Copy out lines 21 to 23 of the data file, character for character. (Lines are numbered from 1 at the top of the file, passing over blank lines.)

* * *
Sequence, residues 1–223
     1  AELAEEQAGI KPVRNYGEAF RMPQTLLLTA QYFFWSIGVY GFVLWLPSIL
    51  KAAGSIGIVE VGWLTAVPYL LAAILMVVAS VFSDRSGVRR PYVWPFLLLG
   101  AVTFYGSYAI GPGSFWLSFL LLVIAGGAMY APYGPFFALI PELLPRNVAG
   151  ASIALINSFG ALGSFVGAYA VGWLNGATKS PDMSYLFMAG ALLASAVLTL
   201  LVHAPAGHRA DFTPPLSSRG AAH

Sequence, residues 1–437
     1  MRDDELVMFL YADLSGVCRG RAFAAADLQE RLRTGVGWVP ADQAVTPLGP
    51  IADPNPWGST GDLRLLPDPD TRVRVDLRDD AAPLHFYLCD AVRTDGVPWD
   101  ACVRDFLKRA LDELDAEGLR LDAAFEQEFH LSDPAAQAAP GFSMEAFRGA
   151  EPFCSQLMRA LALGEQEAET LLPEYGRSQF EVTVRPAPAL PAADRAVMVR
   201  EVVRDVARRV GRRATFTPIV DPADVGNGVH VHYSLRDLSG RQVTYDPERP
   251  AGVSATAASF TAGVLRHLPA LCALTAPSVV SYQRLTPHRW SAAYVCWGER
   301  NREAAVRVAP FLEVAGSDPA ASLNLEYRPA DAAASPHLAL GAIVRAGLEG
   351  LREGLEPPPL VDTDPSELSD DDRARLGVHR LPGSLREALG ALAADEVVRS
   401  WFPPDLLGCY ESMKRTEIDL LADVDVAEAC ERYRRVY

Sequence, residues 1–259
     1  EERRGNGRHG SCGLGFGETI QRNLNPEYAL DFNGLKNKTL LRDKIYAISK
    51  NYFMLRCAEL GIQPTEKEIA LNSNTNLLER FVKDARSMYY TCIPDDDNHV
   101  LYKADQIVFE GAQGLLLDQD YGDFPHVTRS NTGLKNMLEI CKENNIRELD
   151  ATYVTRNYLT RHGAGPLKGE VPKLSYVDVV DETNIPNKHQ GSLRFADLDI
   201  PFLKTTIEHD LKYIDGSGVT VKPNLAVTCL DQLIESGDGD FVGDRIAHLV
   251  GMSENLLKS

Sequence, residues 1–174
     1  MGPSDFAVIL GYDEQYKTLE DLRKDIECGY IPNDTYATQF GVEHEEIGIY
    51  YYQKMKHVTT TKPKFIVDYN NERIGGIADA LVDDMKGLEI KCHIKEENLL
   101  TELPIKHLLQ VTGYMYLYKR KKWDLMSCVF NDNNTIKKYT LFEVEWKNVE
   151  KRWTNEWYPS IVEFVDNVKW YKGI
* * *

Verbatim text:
   151  ATYVTRNYLT RHGAGPLKGE VPKLSYVDVV DETNIPNKHQ GSLRFADLDI
   201  PFLKTTIEHD LKYIDGSGVT VKPNLAVTCL DQLIESGDGD FVGDRIAHLV
   251  GMSENLLKS